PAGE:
Who doesn't want a sculpted, highly developed posterior? Very few muscle groups in the body are more eye-catching and aesthetically pleasing than the glutes. In fact, a statuesque backside has become so highly sought after that implant surgery has become increasingly popular.

But there's no need to go under the knife; you can carve your glutes with training alone. If you're performing glute exercises with proper form and enough resistance, and are doing so on a consistent basis, you can absolutely strengthen and reshape your backside. While strong and muscular glutes will help you fill out a pair of jeans, they're even more important to how your body functions and performs.

The bottom line, pun intended, is that strong glutes matter.

Unfortunately, most people don't know how to train their glutes in a way that helps them reach their goals. Here's how you might be doing yours a disservice, and how to fix it!

Mistake 1: Trying to Build Glutes While Doing Cardio

On the surface, trying to build your glutes while doing cardio would seem to kill two birds with one stone. And if you look around the gym or Instagram, you'll see many women exaggerating their cardio with glute kick-backs and stepping sideways. I'm not one of them. In fact, I consider this trend a waste of time.

Why? For one, you're forced to perform your cardio at a far lower intensity. You're also usually reinforcing terrible biomechanics, meaning that your glutes are getting none of the benefit.

I recommend keeping cardio and strength training on separate training days, so you can get the most out of both of them. However, if you choose to do cardio and strength training in the same workout, do your strength training first so building and re-shaping muscle is your goal.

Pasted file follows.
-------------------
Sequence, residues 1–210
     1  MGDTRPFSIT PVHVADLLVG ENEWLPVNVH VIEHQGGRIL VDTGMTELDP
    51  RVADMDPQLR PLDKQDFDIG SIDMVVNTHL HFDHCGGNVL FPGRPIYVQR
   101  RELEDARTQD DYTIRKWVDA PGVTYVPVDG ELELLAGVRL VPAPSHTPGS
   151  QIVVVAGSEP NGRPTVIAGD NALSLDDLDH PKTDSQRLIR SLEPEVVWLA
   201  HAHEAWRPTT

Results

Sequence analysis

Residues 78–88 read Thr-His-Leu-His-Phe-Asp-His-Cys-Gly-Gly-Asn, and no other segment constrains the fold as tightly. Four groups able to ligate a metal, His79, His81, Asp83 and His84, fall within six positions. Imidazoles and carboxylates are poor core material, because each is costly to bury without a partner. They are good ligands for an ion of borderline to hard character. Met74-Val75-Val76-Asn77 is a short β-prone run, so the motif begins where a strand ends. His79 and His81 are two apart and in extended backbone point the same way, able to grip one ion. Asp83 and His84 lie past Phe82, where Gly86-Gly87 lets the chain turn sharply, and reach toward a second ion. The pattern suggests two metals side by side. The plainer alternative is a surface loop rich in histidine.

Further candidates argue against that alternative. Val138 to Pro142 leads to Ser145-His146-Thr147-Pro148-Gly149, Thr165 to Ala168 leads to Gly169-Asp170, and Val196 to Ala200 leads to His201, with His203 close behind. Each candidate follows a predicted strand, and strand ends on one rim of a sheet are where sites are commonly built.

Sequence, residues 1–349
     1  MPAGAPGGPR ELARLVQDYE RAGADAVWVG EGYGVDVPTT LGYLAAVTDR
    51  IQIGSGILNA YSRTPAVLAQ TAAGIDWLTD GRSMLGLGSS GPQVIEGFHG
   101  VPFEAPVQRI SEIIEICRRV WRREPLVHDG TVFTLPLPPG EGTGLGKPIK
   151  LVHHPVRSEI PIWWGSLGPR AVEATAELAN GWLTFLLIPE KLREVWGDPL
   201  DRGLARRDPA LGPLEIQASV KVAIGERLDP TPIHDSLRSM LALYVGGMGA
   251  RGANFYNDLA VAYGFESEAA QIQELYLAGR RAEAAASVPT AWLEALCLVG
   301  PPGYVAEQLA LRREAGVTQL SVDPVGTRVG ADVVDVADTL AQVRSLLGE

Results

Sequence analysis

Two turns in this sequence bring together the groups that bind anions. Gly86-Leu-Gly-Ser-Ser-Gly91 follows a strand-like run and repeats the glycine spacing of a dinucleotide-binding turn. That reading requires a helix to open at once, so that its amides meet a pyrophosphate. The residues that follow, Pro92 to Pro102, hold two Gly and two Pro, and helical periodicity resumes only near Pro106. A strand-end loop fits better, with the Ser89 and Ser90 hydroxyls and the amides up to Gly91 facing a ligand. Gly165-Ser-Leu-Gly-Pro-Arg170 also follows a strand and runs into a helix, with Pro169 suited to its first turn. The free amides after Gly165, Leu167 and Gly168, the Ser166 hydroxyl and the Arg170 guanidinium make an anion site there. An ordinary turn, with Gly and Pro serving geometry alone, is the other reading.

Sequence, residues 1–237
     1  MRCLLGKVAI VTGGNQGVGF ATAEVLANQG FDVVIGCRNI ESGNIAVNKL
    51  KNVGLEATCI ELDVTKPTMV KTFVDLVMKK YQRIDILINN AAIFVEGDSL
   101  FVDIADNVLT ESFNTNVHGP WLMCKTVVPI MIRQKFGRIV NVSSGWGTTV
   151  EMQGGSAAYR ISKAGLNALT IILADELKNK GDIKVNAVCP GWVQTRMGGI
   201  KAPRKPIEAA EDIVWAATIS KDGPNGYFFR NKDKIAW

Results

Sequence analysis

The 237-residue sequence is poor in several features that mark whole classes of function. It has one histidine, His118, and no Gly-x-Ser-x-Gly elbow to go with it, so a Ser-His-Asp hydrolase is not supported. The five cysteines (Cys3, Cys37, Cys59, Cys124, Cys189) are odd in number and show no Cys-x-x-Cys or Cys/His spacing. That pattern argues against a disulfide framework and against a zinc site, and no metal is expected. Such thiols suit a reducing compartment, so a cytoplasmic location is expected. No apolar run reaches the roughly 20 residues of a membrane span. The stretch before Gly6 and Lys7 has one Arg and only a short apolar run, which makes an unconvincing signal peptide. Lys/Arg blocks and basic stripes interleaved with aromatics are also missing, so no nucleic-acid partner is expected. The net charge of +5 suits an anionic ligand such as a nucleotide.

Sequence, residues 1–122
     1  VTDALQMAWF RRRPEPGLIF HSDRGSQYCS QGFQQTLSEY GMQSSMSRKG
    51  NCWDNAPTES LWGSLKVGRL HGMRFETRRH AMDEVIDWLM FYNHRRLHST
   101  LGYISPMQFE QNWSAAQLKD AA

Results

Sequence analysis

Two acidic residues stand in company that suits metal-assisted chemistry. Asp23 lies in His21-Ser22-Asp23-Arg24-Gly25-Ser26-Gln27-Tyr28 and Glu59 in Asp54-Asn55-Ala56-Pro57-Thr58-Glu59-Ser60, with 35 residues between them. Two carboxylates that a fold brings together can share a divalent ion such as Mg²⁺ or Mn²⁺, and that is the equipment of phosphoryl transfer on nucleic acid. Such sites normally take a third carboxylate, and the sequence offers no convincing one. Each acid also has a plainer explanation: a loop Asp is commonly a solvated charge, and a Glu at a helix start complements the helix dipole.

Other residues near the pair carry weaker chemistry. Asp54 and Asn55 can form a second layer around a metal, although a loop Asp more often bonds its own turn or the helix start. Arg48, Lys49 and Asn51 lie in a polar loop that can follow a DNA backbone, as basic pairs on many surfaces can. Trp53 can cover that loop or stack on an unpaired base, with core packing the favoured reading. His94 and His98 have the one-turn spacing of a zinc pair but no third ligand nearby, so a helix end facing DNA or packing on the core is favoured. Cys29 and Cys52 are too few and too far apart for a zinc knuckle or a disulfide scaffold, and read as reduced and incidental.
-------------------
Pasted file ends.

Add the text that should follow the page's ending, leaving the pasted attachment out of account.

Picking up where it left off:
You'll see many women exaggerating their cardio with glute kick-backs and stepping sideways.

Mistake 2: Not Using Enough Resistance

Many women blow through hours each week performing endless numbers of repetitions of ineffective "toning" exercises, never using a resistance significant enough to help them add muscle. If you've become accustomed to doing 30 or more reps just to "feel the burn," then you could definitely benefit from a little extra challenge!

For some, the word "tone" also implies a lower level of body fat. The good news is that the glutes are the biggest muscles in the human body. The bigger and stronger they become, the more fat-burning potential you'll have, and the better you'll be at bona-fide fat-melters like sprinting. Even if you would never consider yourself a "bodybuilder," this is one area where there's a lot to be gained from prioritizing muscle.

Mistake 3: Using too Much Resistance

Yes, you can get too much of a good thing.

When the weight you're using is too heavy, a lot of mechanisms start to work against your results. One issue is that the muscles you're using are under tension for significantly less time. You'll also reduce the range of motion dramatically and other muscle groups will usually kick in to compensate, leading to a breakdown in form.

When it comes to training glutes, I generally don't like to drop below five reps per set. No matter what rep range or weight you choose, select a weight that will allow you to maintain control and form for 100 percent of the set.

Mistake 4: Performing Within a Single rep Range

Just because you're prioritizing muscle doesn't mean you need to be married to the "3 sets of 10" setup. On the contrary, I find that the glutes respond well to an approach that blends rep ranges.

I often use my first set as a warm-up, starting with a lower weight and higher reps. I then do my middle set with a heavy weight and low rep range, and finish up with a lighter weight and increased reps. Here's an example of how I might train barbell hip thrusts: